How will climate change affect tropical forests?

International research team focuses on critical ecosystem

April 1, 2015 | Tropical forests play a major role in the planet’s carbon cycle, but there are a lot of uncertainties about how they will respond to climate change. A new international project aims to bring the future of tropical forests into much clearer focus.

The project, called the Next Generation Ecosystem Experiment–Tropics, or NGEE-Tropics, is led by the U.S. Department of Energy’s Lawrence Berkeley National Laboratory (Berkeley Lab). It includes scientists from the National Center for Atmospheric Research (NCAR).

The project will explore how tropical forests respond to increasing atmospheric carbon dioxide (CO2) levels, rising temperatures, shifting precipitation patterns, and other natural and human-induced changes.

Climate and tropical forests: photo of tropical rainforest
A major new international project focuses on the potential impacts of climate change on tropical forests such as this one in Caxiuanã, Brazil. (Photo by Hugo Glendinning.)

Over the next decade, NGEE-Tropics scientists will collaborate with other researchers to carry out experiments in tropical forests around the globe. This research will fuel the development of a first-of-its-kind tropical forest ecosystem model that extends from the bedrock to the top of the forest canopy. The model will capture myriad soil and vegetation processes at a resolution better than 10 kilometers. This is the resolution that next-generation Earth system models will achieve during the project’s lifetime.

Exploring uncharted territory

At NCAR, scientists will study the strategies that rainforest trees use to conserve water in order to better predict the response of different forest types to drought. This is because one particular concern for tropical biomes is their resilience to changing rainfall patterns. Separately, the NCAR team also will use data from large experimental burning projects in Brazil to refine a computer model that simulates the complex interactions between vegetation, fires and climate.

In both projects, the research team will work closely with community ecologists to better understand how different plant types are organized into ecosystems.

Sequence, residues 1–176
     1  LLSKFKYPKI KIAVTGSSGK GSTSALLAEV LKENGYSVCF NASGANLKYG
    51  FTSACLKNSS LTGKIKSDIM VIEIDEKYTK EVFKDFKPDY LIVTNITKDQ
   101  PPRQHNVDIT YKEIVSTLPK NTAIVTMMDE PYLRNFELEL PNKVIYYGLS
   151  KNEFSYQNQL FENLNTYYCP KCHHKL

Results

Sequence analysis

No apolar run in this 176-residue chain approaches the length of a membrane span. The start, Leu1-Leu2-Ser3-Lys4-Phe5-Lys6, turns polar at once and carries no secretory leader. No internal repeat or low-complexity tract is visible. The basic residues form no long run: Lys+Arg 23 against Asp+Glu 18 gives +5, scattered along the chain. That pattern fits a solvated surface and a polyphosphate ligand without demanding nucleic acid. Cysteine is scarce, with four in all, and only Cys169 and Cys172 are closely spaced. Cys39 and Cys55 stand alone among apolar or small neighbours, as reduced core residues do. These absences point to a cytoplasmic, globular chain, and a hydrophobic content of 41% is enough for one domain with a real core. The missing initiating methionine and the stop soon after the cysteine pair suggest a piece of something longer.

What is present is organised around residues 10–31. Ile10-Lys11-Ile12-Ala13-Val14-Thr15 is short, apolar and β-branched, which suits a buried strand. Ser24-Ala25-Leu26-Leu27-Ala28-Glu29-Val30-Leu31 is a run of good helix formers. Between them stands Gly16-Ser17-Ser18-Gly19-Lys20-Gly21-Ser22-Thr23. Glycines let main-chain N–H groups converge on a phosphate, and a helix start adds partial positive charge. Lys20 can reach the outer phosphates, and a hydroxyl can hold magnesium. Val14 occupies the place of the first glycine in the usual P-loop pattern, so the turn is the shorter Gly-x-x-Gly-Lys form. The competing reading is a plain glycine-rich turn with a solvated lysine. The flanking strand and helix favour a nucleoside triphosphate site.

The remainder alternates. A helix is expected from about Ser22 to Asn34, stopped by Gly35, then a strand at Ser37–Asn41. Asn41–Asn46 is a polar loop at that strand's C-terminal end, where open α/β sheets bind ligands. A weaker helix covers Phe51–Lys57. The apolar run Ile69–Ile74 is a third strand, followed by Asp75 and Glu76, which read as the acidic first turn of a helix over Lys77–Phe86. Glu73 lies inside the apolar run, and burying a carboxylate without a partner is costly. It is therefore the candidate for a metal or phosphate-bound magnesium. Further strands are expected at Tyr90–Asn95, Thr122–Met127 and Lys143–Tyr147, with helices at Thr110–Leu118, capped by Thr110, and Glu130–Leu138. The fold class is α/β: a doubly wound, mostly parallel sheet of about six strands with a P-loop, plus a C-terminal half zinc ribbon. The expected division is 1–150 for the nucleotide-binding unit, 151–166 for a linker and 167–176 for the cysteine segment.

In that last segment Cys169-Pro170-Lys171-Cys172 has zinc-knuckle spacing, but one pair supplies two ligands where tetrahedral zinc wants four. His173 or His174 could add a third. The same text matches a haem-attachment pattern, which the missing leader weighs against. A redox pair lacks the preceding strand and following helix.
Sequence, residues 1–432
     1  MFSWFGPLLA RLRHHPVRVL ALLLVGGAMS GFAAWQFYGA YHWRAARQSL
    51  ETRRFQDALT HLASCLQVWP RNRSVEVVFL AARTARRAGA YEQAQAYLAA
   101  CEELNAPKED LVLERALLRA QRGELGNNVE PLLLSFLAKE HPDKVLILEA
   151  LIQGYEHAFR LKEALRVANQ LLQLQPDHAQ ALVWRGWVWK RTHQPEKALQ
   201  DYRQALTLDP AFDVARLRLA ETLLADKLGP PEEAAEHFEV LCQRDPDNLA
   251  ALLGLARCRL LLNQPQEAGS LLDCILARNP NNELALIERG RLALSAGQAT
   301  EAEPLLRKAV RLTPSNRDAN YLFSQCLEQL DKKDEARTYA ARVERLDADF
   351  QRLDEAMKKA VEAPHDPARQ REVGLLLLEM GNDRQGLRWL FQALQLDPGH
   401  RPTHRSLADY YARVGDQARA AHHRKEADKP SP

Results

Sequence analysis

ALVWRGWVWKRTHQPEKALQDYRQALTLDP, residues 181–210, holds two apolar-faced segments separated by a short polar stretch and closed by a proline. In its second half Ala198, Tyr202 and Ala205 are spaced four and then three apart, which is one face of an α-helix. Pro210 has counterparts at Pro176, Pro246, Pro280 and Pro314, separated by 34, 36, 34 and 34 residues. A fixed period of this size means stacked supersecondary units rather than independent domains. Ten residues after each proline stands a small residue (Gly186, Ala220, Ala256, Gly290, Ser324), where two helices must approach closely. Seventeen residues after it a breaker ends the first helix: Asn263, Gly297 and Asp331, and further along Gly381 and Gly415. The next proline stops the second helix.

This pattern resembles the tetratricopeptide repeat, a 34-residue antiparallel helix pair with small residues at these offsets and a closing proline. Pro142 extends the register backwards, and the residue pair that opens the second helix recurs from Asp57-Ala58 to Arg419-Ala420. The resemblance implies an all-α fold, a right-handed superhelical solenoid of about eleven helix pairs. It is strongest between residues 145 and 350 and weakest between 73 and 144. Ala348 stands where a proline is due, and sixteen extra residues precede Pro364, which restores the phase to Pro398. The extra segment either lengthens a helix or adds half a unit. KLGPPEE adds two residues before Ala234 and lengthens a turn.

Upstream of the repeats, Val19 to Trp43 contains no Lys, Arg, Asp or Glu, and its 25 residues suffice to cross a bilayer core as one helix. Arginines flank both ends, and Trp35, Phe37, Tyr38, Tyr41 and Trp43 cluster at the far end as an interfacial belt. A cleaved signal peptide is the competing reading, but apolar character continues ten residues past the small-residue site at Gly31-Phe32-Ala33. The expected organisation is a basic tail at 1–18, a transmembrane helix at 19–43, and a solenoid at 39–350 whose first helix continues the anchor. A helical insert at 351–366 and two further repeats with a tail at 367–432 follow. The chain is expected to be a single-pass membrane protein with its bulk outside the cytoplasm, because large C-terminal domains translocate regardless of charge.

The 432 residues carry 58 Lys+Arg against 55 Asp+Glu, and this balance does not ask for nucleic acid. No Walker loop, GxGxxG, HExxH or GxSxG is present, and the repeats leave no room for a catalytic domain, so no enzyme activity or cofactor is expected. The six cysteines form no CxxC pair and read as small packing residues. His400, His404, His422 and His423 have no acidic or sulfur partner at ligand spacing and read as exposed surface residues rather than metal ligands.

“NGEE is an unprecedented opportunity to bring the sciences of ecology and Earth system modeling together around a powerful set of experiments and observation campaigns to predict how ecosystems respond to changes in climate,” said NCAR scientist Rosie Fisher. “This is quite uncharted territory, and we're excited about what we might find." 

In addition to NCAR, NGEE-Tropics brings together scientists from Brookhaven, Los Alamos, Oak Ridge, and Pacific Northwest national laboratories. It also includes researchers from NASA, the Smithsonian Tropical Research Institute, the U.S. Forest Service, and several institutions from other nations, including Brazil’s National Institute of Amazonian Research.

The 10-year, $100 million project is supported by the Department of Energy’s Office of Science.

For more about the project, see the Berkeley Lab news release.


David Hosansky

U.S. Department of Energy

Lawrence Berkeley National Laboratory
Brookhaven National Laboratory
Los Alamos National Laboratory
Oak Ridge National Laboratory
Pacific Northwest National Laboratory
NASA, the
Smithsonian Tropical Research Institute, the
U.S. Forest Service,
Brazil’s National Institute of Amazonian Research and several institutions from other nations
For the executive committee and scientific advisory board, see the NGEE-Tropics webpage.






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